Equal parts Bill Withers, Otis Redding, and of course the godfather himself James Brown – Charles Bradley made his farewell to Vancouver a triumphant one. If America loves a redemption story, then Charles Bradley ought to be on the U.S. dollar bill because few should ever want to go through the scarring and loss that Bradley endured to get to the sold-out Commodore Ballroom on his Changes tour.
Playing to a surprisingly young crowd, the 67 year old Bradley showed more energy, more gratitude, and of course more love than the cumulative 1200 + capacity Commodore crowd could possibly reciprocate.
The resilience and genuine love for humanity Bradley exhibits is nothing short of breathtaking.
The ultimate show of resolve from a man that has been through everything from incarceration, homelessness, contemplation of suicide, illiteracy, abandonment by his own mother less than a year into his life, and the horrific murder of his brother Joseph at the hands of his own nephew is uncanny and still leaves me emotional as I write this.
From the very first transcending verse effortlessly bellowed in the show’s opener / ode to his late brother sent the first (of what would be many) rush of chills down the spines of united Commodore Ballroom crowd.
To call the headliner’s emotive delivery “rare” is to haphazardly give inflated value the adjective itself. Charles Bradley is rarer than rare; he is one of a kind.
Having seen James Brown’s last show in Vancouver as well, I can tell you first hand that the comparisons are very real.
They ought to be in some respects as Bradley emulated and even impersonated the Hardest Working Man In Show Business since being inspired by The Godfather of Soul at the age of 14; his sister having brought Charles to see the legend at perhaps the perfect venue for the occasion, The landmark Apollo Theater in New York City. Whether by curse or by fortune that fateful evening on Martin Luther King Boulevard marked day one of what would be a tumultuous lifelong musical pursuit.
With each chapter of Bradley’s road-to-now being more salacious and heart wrenching than the last it is next to impossible isolate a solitary performance by the man without providing the reader with brief, albeit surface scratching synopsis of Bradley’s troubled past.
Cited as the backbone of the family, Charles’ brother Joseph was a tax-broker shipped off to Vietnam like so many in Bradley’s life. At one point Joseph’s entire platoon was captured and inevitably killed. Joseph, the sole survivor of the affair remained alive only by executing the unthinkable, he covered himself in the blood of his fallen brothers in arms and lay among them to blend in as having shared their execrable fate.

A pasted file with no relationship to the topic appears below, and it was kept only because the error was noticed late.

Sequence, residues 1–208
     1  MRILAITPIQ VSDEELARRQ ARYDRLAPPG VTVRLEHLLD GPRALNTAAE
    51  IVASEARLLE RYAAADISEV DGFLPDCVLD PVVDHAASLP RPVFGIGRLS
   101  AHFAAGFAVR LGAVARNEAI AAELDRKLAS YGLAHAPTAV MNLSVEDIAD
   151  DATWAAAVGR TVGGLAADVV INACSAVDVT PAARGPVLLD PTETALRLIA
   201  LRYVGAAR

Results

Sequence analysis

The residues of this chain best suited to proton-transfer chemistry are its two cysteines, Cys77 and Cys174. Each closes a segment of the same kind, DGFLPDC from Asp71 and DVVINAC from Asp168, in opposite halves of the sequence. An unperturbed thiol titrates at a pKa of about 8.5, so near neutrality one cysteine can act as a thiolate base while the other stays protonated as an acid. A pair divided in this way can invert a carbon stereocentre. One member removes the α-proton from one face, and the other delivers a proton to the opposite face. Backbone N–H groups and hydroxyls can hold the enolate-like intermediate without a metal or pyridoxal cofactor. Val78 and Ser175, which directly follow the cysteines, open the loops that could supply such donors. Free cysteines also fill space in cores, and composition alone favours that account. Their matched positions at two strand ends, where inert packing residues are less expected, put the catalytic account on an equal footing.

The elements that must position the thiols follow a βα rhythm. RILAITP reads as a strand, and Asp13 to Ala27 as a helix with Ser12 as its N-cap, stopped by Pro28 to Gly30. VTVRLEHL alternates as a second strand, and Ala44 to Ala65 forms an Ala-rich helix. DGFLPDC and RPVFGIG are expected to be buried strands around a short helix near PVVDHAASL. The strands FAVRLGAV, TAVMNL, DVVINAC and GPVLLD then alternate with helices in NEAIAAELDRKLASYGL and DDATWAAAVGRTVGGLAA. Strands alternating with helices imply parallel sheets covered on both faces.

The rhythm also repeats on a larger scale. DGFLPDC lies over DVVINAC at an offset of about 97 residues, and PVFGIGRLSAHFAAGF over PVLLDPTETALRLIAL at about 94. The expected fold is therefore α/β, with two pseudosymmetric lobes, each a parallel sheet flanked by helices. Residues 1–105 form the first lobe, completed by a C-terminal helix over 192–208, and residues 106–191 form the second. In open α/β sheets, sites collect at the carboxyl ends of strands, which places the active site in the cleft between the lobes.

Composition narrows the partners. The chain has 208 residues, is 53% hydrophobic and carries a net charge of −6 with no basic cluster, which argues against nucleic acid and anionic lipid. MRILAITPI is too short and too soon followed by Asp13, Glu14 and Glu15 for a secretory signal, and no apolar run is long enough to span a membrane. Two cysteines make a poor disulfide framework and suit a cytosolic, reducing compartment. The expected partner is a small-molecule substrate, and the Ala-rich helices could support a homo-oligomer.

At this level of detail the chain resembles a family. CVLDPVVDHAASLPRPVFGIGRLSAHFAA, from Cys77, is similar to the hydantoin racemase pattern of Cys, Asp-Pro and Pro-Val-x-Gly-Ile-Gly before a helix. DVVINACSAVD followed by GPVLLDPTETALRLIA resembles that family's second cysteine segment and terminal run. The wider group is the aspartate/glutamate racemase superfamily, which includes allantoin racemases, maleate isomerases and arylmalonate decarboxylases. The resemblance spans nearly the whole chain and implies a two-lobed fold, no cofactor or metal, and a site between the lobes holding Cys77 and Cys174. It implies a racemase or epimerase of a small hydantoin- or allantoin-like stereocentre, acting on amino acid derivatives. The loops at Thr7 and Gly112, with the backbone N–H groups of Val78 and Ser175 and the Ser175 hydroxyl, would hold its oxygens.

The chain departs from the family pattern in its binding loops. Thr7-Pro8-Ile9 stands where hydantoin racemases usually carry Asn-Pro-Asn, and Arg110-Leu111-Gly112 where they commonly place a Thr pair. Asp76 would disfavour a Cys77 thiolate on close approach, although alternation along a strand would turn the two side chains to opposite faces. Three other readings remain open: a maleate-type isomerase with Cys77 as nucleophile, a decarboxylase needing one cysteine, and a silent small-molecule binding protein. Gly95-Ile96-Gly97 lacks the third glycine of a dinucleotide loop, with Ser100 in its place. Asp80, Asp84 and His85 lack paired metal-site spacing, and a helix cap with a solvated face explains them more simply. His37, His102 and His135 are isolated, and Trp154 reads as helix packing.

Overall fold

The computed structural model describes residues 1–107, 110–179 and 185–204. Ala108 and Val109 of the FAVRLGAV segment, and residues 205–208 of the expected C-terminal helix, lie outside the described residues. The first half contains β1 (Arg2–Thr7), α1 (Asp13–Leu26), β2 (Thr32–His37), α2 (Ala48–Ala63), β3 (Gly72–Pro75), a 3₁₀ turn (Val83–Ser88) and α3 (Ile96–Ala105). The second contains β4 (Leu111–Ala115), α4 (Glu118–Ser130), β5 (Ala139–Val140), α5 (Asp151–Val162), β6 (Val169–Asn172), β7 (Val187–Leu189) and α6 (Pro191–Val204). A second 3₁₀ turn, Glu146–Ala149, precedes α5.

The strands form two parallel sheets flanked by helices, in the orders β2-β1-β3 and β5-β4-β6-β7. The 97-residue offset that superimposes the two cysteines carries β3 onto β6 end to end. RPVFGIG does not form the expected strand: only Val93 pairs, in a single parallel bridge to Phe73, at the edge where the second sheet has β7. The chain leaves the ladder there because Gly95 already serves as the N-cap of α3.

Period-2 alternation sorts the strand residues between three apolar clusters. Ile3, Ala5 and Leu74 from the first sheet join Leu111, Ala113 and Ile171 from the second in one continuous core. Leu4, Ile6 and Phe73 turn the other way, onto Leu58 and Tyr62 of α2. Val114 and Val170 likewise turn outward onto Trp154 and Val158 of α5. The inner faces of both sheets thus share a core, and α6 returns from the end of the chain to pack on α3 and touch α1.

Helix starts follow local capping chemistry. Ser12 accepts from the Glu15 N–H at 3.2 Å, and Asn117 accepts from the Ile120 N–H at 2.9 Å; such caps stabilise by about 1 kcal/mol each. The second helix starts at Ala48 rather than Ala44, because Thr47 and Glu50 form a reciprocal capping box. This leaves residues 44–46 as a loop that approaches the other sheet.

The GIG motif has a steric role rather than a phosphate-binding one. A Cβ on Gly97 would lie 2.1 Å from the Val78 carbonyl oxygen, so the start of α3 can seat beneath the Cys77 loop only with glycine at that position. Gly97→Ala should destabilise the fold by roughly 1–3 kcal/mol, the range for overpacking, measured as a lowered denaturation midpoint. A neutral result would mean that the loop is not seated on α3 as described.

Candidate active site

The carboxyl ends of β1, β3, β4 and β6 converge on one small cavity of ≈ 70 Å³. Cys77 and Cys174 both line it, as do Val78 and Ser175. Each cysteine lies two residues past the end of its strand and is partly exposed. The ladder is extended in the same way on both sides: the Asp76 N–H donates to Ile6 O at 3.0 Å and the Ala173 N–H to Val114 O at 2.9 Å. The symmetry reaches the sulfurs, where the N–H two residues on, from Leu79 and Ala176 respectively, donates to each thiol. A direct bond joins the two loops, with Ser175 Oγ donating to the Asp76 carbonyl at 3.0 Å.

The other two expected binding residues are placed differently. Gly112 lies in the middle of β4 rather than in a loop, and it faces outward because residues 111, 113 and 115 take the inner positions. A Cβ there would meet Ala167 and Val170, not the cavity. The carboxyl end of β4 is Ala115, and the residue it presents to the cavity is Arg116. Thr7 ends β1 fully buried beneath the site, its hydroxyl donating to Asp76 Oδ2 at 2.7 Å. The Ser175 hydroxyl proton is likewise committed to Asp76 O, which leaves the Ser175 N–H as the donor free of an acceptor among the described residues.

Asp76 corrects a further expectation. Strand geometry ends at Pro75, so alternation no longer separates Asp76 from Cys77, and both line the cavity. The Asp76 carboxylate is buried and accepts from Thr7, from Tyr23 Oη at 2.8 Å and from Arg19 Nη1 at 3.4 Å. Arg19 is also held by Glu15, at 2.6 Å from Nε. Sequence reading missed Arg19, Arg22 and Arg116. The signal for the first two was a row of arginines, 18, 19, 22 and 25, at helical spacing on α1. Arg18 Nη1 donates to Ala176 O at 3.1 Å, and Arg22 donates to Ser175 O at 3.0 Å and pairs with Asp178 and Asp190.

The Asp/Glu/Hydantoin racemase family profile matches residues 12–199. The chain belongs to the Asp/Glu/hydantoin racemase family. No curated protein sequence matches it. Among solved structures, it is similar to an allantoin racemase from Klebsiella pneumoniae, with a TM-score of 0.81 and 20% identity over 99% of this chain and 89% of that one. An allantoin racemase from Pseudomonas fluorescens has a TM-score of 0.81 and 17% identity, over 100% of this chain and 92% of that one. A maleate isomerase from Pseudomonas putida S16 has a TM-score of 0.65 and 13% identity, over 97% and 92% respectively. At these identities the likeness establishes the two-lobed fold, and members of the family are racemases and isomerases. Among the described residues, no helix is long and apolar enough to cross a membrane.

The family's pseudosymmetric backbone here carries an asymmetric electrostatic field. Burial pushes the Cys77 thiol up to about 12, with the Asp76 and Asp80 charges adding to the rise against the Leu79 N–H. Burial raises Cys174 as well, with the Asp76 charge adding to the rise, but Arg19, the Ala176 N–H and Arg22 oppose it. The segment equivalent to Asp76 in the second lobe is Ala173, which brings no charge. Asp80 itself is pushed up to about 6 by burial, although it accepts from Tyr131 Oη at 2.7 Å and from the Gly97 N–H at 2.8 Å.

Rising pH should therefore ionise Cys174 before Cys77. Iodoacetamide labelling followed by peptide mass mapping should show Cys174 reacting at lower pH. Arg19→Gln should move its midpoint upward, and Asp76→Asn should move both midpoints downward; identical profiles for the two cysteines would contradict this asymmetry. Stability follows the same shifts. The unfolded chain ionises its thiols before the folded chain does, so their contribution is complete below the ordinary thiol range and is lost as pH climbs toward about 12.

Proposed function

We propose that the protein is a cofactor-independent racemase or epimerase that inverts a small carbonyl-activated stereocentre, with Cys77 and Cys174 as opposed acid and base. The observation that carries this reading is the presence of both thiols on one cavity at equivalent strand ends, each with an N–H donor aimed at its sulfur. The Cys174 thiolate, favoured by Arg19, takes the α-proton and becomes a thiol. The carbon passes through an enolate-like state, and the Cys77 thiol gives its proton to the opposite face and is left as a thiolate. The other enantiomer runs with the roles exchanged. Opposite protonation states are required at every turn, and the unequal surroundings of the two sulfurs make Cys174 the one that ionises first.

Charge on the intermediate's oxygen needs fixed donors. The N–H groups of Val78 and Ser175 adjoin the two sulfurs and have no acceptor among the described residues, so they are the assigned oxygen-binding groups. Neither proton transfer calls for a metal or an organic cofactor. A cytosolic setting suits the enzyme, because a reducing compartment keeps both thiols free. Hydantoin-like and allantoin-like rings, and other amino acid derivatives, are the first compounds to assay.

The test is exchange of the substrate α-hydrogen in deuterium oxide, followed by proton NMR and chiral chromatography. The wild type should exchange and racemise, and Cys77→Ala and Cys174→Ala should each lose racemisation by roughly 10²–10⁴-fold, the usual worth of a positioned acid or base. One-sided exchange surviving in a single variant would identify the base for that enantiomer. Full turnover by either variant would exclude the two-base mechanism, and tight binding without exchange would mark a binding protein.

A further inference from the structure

Joseph endured that abhorrent event and eventually made it back home to America only to be shot and gruesomely slain by his own nephew. Having been with his brother the night prior citing Joseph as acting a little funny Charles ran to the crime scene ignoring officer’s orders to stand back, determined to hold his brother one last time. This was later cited by Charles to be one of the more regrettable decisions of his life, for once past the officer he found his unrecognizable sibling laying bloody and gruesomely lifeless on the floor.
So it came as no surprise Friday night when the 67 year old’s tortured but beautiful soul jolted the Commodore crowd by starting the show off with the powerful vocal delivery of the very tune written about his brother “Heartaches and Pain”.
Bradley followed the hit from No Time For Dreaming with the first of many tracks from the instant classic Changes with the warning that came with 2016’s “You Think I Don’t Know (But I Do)”. At one point at the end of a verse surprising the crowd by purposely falling into what I can only describe as equal parts splits, with equal parts Tebow.
Charles “Black Velvet” Bradley displayed his smooth charm with a version of the robot at the end of 2016’s“How Long” very reminiscent of The Chapelle Show.
Perhaps due to the loving reaction, the consummate showman launched into the same robot at the top of the next song on the set list “Nobody But You”, off of his 2011 debut LP.
Bradley’s arsenal of moves drew adulation from the crowd at almost every turn, from kissing his fingertip and guiding them across his own body, to winks and kisses for various concert goes, and of course the classic boomerang mic stand, Charles Bradley adorned in several sequence suits came across as a man unwilling to leave anything on the stage.
Campy, fun, and often downright silly on stage Charles Bradley’s demeanour and performance oozed every ounce of a man whose breakthrough debut album came out when he was 63 years old.
Not content with living for the day Bradley exemplified a man not willing to regret, a man living in the moment and that moment alone.
When Charles Bradley spoke, we all listened. When he instructed us to inform the one that we loved the most of just how profoundly we love them, we squeezed the one beside us a little bit tighter, or in my case picked up my phone and did as he instructed. When Charles Bradley took from Ozzy Osbourne we let him, and when he made those “Changes” to the old Black Sabbath hit, we tipped our hat and recognized it as superior. At 67 years old and deservedly on a world tour that does not see him back home to Brooklyn until mid July, Charles “The Screaming Eagle Of Soul” Bradley asked one last question in his encore; A question that if CB didn’t have the answer to perhaps nobody ever will, ”Why Is It So Hard”?
Check out photos from the show here.
Charles Bradley Set List
Heartaches and Pain
You That I Don’t Know (But I Do)
Nobody But You
You Put The Flame On It
Stay Away (2075 -Willie Mitchell)
Love Bug Blues
The World (Is Going Up In Flames)
Things We Do For Love
In You (I Found Love)
Ain’t It A Sin
Why Is It So Hard